tragedies’ (1977) – and in Howard-Hill, ‘New light’, 156–78.
Editorial Conventions and Sample Passages

Proper names
In our Q2 text, we have adopted ‘conventional/traditional’ spelling of
names (e.g. ‘Gertrude’ rather than ‘Gertrard’, ‘Osric’ rather than ‘Ostrick’,
and ‘Rosencrantz’ rather than ‘Rosencraus’). In the other two texts, we have
retained their names where they are substantively ‘different’ but used
‘conventional/traditional’ spellings of the rest.

Act and scene numbers

In Q1 we have numbered scenes consecutively 1–17 but added the act and
scene numbers used in our edition of Q2 (where there is an equivalent). In F
we have employed appropriate act and scene numbers, but added Q2’s
where they differ. In the text, square brackets are used to indicate that
particular act and scene numbers or stage directions derive from sources
other than Q1, Q2 or F. In the texts of Q1 and F, numbers in square brackets
in the right-hand margin indicate the comparable scene in Q2.

Q2 has full commentary notes throughout, but we have provided such notes
for Q1 and F only where the text differs from Q2.

Textual notes
In the textual notes, when we cite a sequence of identical accepted or
rejected readings, the copy-text reading comes first, followed by the others
in chronological order. We have included in the textual notes likely or
certain errors, but we have not collated obvious nonsense typos except
when recording variants between corrected and uncorrected copies of the
text in question. The textual notes to Q2 have been treated as if Q2, Q1 and
F were collateral texts – in other words, we have collated Q1 (when close)
and F, and recorded all substantive or otherwise significant emendations of
For considerable stretches of Q1 there is little match between it and Q2,
and if all the differences between the two texts were to be recorded the
amount of space devoted to textual notes would be disproportionately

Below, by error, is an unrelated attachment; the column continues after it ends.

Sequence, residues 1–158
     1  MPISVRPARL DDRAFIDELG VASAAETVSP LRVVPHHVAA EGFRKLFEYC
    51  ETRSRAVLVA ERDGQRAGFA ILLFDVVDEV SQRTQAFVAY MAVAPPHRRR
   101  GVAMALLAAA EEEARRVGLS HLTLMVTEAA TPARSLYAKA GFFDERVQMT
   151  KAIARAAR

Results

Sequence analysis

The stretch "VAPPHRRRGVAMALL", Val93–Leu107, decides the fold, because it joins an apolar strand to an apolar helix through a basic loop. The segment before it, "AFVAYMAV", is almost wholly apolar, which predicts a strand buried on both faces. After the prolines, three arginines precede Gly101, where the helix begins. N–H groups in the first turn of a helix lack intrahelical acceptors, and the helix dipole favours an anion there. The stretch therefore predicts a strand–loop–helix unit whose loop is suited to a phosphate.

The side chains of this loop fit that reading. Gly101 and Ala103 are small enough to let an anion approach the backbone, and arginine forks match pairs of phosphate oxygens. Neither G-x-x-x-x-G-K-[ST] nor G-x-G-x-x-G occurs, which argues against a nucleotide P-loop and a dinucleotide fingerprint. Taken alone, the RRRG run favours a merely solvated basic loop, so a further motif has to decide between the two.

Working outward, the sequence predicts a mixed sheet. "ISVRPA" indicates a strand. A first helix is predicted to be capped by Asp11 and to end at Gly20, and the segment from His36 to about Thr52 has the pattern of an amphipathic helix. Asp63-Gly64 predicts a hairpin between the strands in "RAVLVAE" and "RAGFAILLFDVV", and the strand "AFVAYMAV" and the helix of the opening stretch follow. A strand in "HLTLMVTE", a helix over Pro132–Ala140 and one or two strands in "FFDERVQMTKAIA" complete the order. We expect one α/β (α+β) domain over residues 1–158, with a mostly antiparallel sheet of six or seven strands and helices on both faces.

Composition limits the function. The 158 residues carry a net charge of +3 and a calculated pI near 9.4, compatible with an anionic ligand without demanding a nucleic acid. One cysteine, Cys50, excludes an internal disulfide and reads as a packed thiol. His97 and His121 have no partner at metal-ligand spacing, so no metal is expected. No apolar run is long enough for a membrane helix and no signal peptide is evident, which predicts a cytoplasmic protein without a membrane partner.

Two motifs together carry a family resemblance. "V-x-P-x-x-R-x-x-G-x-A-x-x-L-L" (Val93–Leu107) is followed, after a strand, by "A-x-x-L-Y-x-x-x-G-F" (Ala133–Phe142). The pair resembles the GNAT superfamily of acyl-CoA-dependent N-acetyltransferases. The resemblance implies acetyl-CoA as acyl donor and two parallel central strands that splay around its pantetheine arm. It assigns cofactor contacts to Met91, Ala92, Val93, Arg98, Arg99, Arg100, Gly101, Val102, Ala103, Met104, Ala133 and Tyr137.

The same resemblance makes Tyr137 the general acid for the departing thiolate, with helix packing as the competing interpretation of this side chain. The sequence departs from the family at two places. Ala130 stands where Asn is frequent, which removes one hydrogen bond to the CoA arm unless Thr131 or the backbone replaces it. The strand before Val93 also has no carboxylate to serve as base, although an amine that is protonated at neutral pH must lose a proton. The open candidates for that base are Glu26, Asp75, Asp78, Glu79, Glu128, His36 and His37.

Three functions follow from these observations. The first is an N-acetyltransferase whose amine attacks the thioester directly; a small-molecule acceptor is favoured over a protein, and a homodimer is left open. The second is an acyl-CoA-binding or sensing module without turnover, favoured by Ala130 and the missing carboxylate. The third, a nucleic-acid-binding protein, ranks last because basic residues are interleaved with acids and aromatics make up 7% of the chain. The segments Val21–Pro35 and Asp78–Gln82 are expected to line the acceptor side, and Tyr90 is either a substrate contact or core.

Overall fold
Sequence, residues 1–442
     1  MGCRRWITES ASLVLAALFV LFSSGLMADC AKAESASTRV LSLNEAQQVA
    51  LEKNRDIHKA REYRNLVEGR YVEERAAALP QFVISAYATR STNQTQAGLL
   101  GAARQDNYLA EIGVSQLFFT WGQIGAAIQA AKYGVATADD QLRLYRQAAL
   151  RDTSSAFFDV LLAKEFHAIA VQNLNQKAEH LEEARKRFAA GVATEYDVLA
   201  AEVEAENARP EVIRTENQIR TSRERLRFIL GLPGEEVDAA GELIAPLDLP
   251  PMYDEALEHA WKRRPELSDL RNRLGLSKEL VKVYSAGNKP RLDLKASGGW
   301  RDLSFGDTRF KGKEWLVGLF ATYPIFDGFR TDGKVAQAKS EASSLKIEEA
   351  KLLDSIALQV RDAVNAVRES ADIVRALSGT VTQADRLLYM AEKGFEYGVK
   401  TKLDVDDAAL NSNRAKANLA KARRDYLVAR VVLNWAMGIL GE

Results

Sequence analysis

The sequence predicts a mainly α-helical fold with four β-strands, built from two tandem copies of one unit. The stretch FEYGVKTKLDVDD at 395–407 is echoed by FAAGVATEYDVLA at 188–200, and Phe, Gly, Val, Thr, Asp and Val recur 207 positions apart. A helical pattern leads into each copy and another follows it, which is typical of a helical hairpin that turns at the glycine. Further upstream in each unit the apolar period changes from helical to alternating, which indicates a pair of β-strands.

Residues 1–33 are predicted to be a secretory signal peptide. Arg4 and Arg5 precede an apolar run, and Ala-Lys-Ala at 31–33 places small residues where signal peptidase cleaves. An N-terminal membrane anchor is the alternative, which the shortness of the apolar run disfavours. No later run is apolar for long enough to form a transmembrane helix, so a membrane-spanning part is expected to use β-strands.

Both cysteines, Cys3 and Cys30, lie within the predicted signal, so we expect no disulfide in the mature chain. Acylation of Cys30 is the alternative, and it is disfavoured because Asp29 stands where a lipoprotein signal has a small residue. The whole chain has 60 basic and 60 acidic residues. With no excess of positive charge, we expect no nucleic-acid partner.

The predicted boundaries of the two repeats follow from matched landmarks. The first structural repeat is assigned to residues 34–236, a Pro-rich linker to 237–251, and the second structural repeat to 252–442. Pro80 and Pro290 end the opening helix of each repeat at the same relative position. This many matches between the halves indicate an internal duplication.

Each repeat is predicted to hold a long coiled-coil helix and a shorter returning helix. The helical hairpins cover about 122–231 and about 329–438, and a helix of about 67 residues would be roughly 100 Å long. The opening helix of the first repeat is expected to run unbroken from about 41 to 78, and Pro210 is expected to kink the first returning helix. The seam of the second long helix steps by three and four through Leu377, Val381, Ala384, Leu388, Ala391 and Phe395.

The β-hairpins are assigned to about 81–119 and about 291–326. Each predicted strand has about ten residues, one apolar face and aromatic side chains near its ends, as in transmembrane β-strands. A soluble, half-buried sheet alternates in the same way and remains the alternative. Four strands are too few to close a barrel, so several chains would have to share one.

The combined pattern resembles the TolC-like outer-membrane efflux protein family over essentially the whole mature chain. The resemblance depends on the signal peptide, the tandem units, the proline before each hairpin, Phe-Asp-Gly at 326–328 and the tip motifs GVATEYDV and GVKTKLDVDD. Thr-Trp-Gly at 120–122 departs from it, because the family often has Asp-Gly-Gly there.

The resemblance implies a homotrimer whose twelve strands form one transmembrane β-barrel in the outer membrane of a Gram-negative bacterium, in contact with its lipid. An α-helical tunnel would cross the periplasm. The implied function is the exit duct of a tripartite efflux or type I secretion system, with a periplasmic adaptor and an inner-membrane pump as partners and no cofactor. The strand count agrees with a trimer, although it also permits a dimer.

swollen. But we are clearly in danger of creating the false impression that
these are the most important differences between Q1 and Q2. Nothing could
be further from the truth. Take the opening of the two texts as an example:
Q1 opens with an interchange between two unnamed sentinels (‘Stand: who
is that?’, ‘Tis I.’), whereas Q2 opens with five speeches from Barnardo and
Francisco (‘Whose there?’, ‘Nay answere me. Stand and vnfolde your
selfe.’, ‘Long liue the King.’, ‘Barnardo.’, ‘Hee.’). None of this appears in
our Q2 textual notes because they have only one word (‘Stand’) in
However, the textual notes to Q2 that indicate significant differences
between the three texts are not there to indicate difference as an end in
itself. Their function is to supply readers of Ard Q2 Hamlet with the kind of
information provided by the textual notes in any other Arden edition –
information intended to enable readers to appreciate the nature of arguments
mounted by editors of eclectic editions of the play (i.e. not the present
Arden edition of Hamlet). Such editors make judgements based on the
evidence of variants between what have been regarded as collateral texts
(Q2 and F) and those passages in Q1 which are close enough to Q2 or F to
be used in evidence of a theory that posits a relationship of dependency
between Q1 and either of the other two texts. Appendix 2 surveys the
history of such arguments and illustrates elements within them, as well as
challenging the eclectic tradition.
In the Q1 textual notes, we record substantive or otherwise significant
emendations of Q1, but we have not collated Q2 or F, except where the
commentary refers to a reading in Q2 or F. Similarly, in the textual notes to
F, we record substantive or otherwise significant emendations of F, but we
have not collated Q1 or Q2, except where the commentary refers to a